Sen. Bob Casey reveals positive test for coronavirus antibodies

Sen. Bob Casey, D-Pa., revealed Friday he has tested positive for coronavirus antibodies and will donate plasma to help others battling the virus.

“On Wednesday afternoon, I received the results of a COVID-19 ELISA IgG Antibody Test, which were positive," Casey said in a statement. "This positive test means that I likely had COVID-19 at some point over the last several months and have since developed an antibody response to the virus."

SEN. TIM KAINE AND WIFE TEST POSITIVE FOR CORONAVIRUS ANTIBODIES

Sen. Tim Kaine, D-Va., also announced this week that he and his wife also had a positive antibody test. Sen. Rand Paul, R-Ky., was the first senator who was diagnosed with COVID-19 in real-time by taking a diagnostic test.

WASHINGTON, DC - MAY 18: Wearing a face mask to reduce the chance of transmission of the novel coronavirus, Sen. Robert Casey (D-PA) arrives at the U.S. Capitol for a vote May 18, 2020 in Washington, DC. The Senate is back in session during the COVID pandemic for a procedural vote on the nomination of Scott Rash to serve as federal district judge in Arizona. (Photo by Chip Somodevilla/Getty Images)

WASHINGTON, DC - MAY 18: Wearing a face mask to reduce the chance of transmission of the novel coronavirus, Sen. Robert Casey (D-PA) arrives at the U.S. Capitol for a vote May 18, 2020 in Washington, DC. The Senate is back in session during the COVID pandemic for a procedural vote on the nomination of Scott Rash to serve as federal district judge in Arizona. (Photo by Chip Somodevilla/Getty Images)

Casey was sick earlier this spring with a low-grade fever and some mild flu-like symptoms.  After talking to his doctor, he quarantined at home in Scranton for two weeks and didn't seek medical care since his symptoms were manageable, the senator said.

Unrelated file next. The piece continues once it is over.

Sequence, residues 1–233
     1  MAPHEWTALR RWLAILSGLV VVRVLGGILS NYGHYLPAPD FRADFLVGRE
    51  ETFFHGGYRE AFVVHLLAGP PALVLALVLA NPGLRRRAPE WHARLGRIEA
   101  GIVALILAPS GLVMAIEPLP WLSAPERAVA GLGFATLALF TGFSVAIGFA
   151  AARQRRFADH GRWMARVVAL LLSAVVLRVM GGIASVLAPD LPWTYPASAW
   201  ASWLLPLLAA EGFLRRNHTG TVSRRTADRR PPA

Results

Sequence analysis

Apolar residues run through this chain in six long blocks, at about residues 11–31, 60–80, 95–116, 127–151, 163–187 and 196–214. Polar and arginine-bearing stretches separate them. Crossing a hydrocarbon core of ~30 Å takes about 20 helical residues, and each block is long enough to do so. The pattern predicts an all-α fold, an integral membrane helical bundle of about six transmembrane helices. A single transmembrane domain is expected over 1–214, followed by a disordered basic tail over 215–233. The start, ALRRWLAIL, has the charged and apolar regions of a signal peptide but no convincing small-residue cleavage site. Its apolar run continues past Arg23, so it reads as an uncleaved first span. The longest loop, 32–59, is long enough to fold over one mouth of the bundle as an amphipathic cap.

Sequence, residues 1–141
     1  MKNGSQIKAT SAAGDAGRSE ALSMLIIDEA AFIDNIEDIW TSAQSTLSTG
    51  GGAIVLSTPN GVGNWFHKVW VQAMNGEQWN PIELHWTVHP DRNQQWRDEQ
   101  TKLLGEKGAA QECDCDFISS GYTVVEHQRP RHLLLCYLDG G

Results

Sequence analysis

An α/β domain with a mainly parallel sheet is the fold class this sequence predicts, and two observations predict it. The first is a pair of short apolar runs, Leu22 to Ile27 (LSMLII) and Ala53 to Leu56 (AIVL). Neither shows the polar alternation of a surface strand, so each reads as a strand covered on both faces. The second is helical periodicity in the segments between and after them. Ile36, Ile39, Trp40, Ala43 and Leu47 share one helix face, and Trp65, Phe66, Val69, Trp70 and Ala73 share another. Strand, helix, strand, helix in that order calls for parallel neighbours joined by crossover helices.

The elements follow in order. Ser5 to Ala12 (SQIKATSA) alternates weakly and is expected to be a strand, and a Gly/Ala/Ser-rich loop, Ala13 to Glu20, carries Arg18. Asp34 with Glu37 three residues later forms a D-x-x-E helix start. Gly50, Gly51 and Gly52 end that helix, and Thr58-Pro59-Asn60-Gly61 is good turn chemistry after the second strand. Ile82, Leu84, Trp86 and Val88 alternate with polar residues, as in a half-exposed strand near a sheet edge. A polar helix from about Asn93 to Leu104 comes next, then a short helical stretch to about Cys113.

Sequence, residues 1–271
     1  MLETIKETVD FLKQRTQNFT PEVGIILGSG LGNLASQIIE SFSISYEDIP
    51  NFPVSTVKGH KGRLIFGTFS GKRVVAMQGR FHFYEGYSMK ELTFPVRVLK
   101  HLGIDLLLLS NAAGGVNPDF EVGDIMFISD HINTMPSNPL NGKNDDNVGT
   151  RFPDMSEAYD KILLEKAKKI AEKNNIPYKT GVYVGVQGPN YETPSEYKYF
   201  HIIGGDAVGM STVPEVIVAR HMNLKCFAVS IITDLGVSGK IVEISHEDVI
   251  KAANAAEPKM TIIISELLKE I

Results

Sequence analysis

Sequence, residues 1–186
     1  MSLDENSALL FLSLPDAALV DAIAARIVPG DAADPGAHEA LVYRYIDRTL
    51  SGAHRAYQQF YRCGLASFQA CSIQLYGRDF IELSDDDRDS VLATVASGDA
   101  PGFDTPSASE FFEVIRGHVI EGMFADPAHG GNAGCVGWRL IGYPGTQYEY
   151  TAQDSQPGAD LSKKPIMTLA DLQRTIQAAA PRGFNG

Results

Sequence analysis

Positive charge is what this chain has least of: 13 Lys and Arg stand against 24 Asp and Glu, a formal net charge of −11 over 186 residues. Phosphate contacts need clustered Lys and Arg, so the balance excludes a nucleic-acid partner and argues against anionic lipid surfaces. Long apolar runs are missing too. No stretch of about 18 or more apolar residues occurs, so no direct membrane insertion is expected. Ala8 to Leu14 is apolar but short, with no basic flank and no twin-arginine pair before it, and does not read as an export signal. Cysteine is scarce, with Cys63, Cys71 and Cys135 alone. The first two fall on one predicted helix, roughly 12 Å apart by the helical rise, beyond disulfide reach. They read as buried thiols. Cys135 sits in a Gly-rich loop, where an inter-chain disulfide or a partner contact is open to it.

"My fever went away on its own by mid-April, and it was never recommended that I be tested for the virus," Casey said.

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But recently, Casey consulted Dr. Brian Monahan, the Capitol’s attending physician, and received the blood test to see if his mild sickness earlier this spring could have been COVID-19.

The results showed Casey had "substantial levels of COVID-19 antibody in my blood, significantly more than the amount required to qualify me as a plasma donor," Casey said.

Casey said he's making his first plasma donation Friday in Taylor, Penn., to help others fighting the virus.

COVID-19 has now killed more than 100,000 Americans.

UNITED STATES - JANUARY 27: Sen. Bob Casey, Jr., D-Pa., walks through the Senate Reception Room to the Senate chamber for the start of the Senate impeachment trial proceedings on Monday, Jan. 27, 2020. (Photo By Bill Clark/CQ-Roll Call, Inc via Getty Images)

UNITED STATES - JANUARY 27: Sen. Bob Casey, Jr., D-Pa., walks through the Senate Reception Room to the Senate chamber for the start of the Senate impeachment trial proceedings on Monday, Jan. 27, 2020. (Photo By Bill Clark/CQ-Roll Call, Inc via Getty Images)

The presence of antibodies for a certain disease in someone's system is a reliable indicator that he or she has had that illness in the past. Antibodies, according to a CDC page on the coronavirus, typically "help fight off infections and usually provide protection against getting that disease again (immunity)." But it remains unclear how much immunity they provide from getting the coronavirus again.

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Given the uncertainly, Casey and Kaine both said they'll continue to follow the advice of public health experts by wearing masks and follow social distancing guidelines. Meanwhile, Paul has chosen not to wear a mask, claiming immunity.

Fox News' Tyler Olson contributed to this report.